Definition: something that is sure to happen or to be successful
“The replays of Jerry West jump shot at the buzzer, a slam dunk by Wilt Chamberlin, and a twisting drive by Elgin Baylor are presented in the I,P-T by Doug Ives.”
—Adv’t, The Independent [Long Beach CA], 29 April 1969
The slam dunk is the more forceful rendition of the simple dunk, which is itself a shot whereby a basketball player jumps high and throws the ball directly into the hoop, making contact with either one or two hands on the rim. Slam dunk began to be used to describe this type of shot in the late 1960s, often initially in reference to goals scored by Wilt Chamberlain.
The word quickly proved to be flexible, and began to be used in a figurative fashion, or in reference to a forceful throwing of a ball in sports other than basketball.
“The planet was still quivering from the sight of the stately Prothro, the man in control striding onto the field to challenge the officials Sunday when Wooden let down his dignity to slam-dunk the press at Monday’s basketball writers’ luncheon.”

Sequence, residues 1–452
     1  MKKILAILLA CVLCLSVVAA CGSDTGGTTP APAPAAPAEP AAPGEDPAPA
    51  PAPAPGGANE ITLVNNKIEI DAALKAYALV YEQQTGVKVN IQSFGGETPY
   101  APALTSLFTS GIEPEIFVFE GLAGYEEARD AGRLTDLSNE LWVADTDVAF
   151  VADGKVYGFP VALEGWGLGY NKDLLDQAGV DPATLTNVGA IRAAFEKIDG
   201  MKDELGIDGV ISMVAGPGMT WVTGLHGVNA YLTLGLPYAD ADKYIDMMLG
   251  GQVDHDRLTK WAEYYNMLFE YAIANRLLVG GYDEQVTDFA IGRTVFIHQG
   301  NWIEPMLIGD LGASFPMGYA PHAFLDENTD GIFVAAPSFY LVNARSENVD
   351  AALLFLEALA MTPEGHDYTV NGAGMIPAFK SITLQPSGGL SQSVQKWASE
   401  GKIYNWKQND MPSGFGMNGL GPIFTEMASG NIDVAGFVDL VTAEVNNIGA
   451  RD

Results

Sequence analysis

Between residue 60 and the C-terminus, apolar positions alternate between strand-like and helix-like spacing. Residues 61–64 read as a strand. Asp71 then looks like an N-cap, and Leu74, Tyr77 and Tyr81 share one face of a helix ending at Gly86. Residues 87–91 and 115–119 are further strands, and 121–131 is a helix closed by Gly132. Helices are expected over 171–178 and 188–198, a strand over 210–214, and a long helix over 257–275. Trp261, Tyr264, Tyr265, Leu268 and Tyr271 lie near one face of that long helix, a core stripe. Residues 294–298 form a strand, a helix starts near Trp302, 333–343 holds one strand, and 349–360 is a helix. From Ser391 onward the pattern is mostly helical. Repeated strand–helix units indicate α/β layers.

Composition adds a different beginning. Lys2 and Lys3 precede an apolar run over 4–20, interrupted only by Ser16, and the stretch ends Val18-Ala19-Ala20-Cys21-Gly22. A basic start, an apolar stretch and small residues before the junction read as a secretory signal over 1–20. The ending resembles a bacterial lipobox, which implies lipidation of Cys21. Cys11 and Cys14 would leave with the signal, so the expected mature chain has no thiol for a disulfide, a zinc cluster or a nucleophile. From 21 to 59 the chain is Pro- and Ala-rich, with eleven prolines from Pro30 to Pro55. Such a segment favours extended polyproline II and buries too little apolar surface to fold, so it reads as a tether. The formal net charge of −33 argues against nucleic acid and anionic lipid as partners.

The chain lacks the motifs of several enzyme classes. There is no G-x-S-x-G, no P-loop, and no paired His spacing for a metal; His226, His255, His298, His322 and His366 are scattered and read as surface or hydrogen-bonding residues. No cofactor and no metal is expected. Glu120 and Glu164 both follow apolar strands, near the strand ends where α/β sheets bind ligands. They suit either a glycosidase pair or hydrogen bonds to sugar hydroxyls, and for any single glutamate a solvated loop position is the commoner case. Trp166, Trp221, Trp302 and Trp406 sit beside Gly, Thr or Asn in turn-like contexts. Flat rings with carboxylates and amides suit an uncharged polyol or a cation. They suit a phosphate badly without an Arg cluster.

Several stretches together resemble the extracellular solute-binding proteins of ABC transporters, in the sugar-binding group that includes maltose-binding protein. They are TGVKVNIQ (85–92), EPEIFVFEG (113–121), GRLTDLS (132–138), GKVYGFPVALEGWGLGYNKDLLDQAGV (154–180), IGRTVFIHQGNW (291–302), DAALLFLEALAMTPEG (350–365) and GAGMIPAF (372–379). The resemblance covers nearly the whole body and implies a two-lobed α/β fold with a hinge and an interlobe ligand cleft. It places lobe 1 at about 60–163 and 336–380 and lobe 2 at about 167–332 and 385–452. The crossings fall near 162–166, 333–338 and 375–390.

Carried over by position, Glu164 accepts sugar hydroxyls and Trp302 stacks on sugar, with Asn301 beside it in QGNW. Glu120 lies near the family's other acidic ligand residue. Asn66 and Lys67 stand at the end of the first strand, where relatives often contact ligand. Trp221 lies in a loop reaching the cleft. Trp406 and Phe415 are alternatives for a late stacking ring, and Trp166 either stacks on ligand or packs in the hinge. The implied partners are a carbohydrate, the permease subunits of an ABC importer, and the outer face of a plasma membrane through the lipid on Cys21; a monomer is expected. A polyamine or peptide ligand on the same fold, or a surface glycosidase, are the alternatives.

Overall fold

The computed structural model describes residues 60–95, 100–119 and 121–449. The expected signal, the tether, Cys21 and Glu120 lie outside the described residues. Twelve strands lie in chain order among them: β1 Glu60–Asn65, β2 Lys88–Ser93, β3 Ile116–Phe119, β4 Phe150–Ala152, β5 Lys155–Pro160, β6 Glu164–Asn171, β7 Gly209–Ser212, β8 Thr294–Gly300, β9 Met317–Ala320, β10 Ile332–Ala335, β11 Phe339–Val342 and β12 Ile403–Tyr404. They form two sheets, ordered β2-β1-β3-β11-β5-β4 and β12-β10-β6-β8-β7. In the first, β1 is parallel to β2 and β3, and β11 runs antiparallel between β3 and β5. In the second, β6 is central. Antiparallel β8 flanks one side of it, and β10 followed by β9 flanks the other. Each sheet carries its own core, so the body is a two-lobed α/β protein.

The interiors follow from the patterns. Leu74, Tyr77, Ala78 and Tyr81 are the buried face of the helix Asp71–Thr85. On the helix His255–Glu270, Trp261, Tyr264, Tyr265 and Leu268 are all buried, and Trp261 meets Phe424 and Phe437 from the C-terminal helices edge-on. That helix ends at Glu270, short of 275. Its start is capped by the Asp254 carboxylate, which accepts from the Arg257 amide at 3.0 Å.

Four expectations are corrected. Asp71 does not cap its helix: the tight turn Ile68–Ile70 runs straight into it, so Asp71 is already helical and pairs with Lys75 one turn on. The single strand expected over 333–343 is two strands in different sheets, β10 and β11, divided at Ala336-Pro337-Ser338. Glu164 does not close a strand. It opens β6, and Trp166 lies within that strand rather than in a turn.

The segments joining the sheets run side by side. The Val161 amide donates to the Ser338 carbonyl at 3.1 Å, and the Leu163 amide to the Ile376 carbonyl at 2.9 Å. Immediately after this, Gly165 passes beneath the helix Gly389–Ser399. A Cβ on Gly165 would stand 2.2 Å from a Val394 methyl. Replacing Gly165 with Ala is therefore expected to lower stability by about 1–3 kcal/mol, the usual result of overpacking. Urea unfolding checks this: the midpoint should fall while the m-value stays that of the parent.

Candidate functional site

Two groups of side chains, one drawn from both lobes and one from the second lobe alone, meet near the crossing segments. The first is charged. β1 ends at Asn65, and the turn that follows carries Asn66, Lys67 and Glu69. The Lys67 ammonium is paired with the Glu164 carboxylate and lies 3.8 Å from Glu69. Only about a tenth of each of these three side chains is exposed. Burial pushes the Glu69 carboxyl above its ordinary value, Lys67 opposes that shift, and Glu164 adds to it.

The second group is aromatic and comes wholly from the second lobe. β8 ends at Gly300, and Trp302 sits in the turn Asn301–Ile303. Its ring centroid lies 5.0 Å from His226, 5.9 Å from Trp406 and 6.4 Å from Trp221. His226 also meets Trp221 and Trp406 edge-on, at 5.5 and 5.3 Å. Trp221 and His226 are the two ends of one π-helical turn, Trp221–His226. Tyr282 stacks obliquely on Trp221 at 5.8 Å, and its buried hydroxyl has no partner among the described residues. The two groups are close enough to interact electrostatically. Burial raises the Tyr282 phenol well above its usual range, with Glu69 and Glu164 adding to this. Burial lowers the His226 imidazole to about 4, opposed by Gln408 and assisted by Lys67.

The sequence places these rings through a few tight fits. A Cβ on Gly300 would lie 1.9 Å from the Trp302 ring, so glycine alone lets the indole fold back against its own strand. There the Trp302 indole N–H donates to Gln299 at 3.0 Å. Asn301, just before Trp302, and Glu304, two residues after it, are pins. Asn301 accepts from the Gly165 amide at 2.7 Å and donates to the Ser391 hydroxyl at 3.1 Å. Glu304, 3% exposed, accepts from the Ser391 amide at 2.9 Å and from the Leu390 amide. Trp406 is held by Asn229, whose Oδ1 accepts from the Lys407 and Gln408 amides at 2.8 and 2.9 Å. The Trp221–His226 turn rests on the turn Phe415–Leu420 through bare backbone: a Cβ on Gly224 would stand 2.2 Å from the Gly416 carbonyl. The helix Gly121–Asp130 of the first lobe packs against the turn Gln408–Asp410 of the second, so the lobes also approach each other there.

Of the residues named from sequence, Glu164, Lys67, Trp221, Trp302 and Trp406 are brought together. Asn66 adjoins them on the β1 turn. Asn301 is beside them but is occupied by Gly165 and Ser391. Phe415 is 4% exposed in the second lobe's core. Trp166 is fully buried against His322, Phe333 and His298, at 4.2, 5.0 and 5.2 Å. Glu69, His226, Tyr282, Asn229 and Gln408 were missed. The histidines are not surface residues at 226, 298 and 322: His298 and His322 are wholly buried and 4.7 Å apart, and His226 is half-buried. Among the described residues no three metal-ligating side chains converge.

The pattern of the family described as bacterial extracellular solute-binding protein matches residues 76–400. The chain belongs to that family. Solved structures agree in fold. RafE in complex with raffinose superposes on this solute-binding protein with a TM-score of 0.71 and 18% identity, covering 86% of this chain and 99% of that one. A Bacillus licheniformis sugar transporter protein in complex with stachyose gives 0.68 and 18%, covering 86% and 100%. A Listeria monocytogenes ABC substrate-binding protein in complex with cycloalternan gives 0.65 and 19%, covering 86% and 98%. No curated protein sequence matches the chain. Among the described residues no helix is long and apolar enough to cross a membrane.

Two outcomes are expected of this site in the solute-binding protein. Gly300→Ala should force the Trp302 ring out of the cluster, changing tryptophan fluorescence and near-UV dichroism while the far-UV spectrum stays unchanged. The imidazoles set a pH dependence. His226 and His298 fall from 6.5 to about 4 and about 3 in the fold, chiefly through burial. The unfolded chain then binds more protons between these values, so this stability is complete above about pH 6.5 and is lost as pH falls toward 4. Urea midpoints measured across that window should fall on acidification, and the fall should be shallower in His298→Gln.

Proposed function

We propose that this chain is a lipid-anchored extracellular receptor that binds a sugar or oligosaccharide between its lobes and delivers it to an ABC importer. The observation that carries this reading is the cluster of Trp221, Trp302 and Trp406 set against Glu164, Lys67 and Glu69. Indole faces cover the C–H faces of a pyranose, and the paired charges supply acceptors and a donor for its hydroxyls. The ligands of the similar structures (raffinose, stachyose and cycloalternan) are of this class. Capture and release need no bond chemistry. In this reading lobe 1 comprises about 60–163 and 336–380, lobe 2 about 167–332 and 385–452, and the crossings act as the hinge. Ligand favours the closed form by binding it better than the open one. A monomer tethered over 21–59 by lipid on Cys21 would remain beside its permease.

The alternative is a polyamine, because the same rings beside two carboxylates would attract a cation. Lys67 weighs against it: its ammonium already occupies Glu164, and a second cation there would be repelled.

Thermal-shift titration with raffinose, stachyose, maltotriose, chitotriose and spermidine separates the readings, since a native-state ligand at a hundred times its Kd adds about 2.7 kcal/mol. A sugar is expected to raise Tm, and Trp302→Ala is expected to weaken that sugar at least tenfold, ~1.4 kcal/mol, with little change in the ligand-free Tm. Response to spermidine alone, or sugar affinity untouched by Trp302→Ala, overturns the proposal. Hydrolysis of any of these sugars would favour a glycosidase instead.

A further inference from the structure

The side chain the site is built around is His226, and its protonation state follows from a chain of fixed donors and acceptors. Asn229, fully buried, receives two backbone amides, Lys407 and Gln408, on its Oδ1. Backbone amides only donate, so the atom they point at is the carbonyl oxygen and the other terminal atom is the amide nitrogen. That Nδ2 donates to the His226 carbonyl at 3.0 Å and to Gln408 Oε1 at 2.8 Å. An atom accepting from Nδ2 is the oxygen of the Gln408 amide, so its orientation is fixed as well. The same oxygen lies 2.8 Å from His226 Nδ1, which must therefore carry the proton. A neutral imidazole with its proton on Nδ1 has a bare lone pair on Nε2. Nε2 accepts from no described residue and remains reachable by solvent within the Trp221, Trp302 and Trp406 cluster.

—The Independent [Long Beach, CA], 8 December 1971
“Today you mostly see the slam dunk in the end zone. Runners promenading into the scoring sector hurl the ball against the turf.”
—The Terra Haute Tribune [Terre Haute, IN] 15 November 1972
By the 1980s the slam dunk had become part of our general vernacular, and was being used to describe something that was assured to happen, or something that was thought to be easy. This makes a certain amount of sense, given the way that great players can make the dunk look effortless. For most of us, however, the slam dunk is anything but easy.
“I’m certainly not going to be a slam dunk for just any kind of development,” he added.
—Los Angeles Times, 13 March 1983